In the early years, León’s collection was itinerant and moved between the Colegio de San Nicolás and the Palacio de Gobierno, until it found a permanent home in 1915 in this palatial, baroque building in Morelia, in order to be preserved as part of an effort to raise public awareness of research work related to Michoacán’s cultural heritage.
In 2011, the historic building occupied by the Regional Museum of Michoacán was painstakingly restored, and a new exhibition design now invites the public to discover the region’s history from the perspective of archeology, history, and art; the collection consists of more than 300 items exhibited in 12 permanent galleries organized by theme and focused on the cultural development of today’s state of Michoacán.
The following murals in this building were also restored as part of this renovation process: Grace Greenwood’s “Hombres y máquinas” (“Men and Machines,” 1934); Philip Guston and Reuben Kadish’s “La Inquisición” (“The Inquisition,” 1935); Federico Cantú’s “Los cuatro jinetes del Apocalipsis” (“The Four Horsemen of the Apocalypse,” 1954); as well as Alfredo Zalce’s “Los defensores de la integridad nacional” (“Defenders of National Integrity,” 1951) and “Los pueblos del mundo contra la guerra atómica” (“The Peoples of the World Against Nuclear War,” 1951).
Various codex plates are also on display in the museum, including “Relación de Michoacán” (“Account of Michoacán) , the “Lienzo de Xiuhquilan” (“Canvas of Xiuhquilan”) and the “Títulos de Carapan” (“Titles of Carapan”). The exhibition also shows maps that highlight changes to the region after the Spaniards’ incursion and evangelization, as well as supporting visual materials to provide a chronological and geographical context to each historical event. Clothing, furniture and everyday items also form part of the collection.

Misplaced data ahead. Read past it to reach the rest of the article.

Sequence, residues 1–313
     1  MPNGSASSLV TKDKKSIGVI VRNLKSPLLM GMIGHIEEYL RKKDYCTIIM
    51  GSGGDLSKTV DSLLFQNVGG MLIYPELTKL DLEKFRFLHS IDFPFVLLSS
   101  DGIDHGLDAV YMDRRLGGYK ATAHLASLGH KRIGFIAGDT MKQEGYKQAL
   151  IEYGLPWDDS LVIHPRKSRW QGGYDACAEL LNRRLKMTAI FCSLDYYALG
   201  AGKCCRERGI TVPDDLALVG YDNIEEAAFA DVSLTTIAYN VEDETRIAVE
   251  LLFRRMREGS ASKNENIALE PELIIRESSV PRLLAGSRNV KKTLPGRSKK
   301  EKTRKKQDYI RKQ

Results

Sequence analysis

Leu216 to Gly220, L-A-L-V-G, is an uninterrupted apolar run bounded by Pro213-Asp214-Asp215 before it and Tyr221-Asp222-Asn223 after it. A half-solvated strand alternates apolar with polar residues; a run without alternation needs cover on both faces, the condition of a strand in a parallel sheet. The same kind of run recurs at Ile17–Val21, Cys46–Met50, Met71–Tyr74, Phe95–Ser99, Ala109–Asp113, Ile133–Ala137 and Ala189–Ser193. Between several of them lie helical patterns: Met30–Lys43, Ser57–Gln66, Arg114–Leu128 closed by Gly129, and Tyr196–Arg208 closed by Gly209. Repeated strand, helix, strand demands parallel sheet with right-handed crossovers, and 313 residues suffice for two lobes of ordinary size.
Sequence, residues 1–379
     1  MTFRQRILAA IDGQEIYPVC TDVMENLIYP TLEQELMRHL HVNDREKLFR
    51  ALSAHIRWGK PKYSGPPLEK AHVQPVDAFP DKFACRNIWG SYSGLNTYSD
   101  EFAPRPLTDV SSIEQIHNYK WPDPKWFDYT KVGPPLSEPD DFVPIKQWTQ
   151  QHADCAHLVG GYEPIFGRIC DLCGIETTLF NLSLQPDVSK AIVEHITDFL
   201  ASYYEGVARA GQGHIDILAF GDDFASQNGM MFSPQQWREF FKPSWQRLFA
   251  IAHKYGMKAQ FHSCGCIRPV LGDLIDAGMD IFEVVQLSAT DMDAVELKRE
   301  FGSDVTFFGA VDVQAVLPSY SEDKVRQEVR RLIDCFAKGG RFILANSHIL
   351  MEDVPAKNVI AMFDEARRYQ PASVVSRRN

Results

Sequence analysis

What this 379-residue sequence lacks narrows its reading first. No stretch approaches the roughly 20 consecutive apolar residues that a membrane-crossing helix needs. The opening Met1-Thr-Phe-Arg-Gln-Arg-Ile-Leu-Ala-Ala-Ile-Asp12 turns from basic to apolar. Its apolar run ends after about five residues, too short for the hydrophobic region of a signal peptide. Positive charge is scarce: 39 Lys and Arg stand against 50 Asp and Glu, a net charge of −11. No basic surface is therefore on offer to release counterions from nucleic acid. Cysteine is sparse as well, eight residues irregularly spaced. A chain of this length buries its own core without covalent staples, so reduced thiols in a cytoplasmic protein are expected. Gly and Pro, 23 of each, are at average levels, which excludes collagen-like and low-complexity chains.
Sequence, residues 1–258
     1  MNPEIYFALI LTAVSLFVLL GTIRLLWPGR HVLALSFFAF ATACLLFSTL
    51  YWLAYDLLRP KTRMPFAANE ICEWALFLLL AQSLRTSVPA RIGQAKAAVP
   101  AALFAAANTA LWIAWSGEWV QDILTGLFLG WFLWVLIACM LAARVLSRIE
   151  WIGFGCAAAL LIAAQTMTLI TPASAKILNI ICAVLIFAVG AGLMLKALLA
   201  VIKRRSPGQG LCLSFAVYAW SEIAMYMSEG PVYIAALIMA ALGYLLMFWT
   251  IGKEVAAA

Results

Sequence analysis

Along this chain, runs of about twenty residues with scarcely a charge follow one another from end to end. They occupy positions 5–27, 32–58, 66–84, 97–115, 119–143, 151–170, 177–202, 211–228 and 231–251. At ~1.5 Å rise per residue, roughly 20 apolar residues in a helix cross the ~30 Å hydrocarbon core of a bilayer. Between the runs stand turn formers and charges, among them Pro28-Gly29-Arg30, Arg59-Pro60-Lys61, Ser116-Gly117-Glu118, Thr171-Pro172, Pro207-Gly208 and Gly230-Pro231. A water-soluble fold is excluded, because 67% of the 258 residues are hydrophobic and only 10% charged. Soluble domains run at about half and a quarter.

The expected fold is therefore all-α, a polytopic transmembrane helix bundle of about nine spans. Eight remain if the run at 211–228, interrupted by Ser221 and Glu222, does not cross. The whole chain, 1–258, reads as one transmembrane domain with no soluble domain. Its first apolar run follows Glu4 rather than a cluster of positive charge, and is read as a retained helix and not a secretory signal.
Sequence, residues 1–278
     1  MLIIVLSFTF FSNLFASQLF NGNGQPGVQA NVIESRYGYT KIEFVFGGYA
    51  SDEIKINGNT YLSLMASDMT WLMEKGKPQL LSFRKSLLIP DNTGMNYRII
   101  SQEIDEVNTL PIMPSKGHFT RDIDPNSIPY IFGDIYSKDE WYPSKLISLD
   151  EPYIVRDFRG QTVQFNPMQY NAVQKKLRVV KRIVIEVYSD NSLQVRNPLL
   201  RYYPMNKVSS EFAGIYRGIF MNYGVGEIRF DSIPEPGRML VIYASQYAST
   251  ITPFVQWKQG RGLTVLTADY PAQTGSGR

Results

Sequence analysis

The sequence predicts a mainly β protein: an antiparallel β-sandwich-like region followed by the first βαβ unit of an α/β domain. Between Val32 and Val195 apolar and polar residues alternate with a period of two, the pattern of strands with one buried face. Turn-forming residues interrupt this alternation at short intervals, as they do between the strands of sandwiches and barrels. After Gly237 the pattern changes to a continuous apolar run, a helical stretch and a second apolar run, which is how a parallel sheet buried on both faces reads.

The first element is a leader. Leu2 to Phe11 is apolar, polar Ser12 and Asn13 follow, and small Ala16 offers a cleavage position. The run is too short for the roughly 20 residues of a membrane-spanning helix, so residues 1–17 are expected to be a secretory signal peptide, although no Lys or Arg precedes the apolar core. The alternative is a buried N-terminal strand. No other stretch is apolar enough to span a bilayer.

Historic artefacts include the table on which the Constitution of Apatzingán was signed, a collection of portraits of historical figures such as Vasco de Quiroga, Agustín de Iturbide, Melchor Ocampo, and some governors of the state of Michoacán.
An eighteenth-century oil painting called “Traslado de las monjas catarinas a su nuevo convento” (“Journey of the Nuns of Saint Catherine to their New Convent”), by an anonymous artist, is one of the most popular exhibits due to its portrayal of the city; also worth seeing are the murals by artists such as Alfredo Zalce, the representation of the Conspiracy of Michoacán, and the Jicalán and Carapan oil paintings from the sixteenth century and eighteenth century, respectively.
Morelia, Michoacán, México.
Located near the Cathedral of Morelia and its Plaza de Armas, easily accessed by Avenida Francisco I. Madero, Calle de Allende, or Abasolo.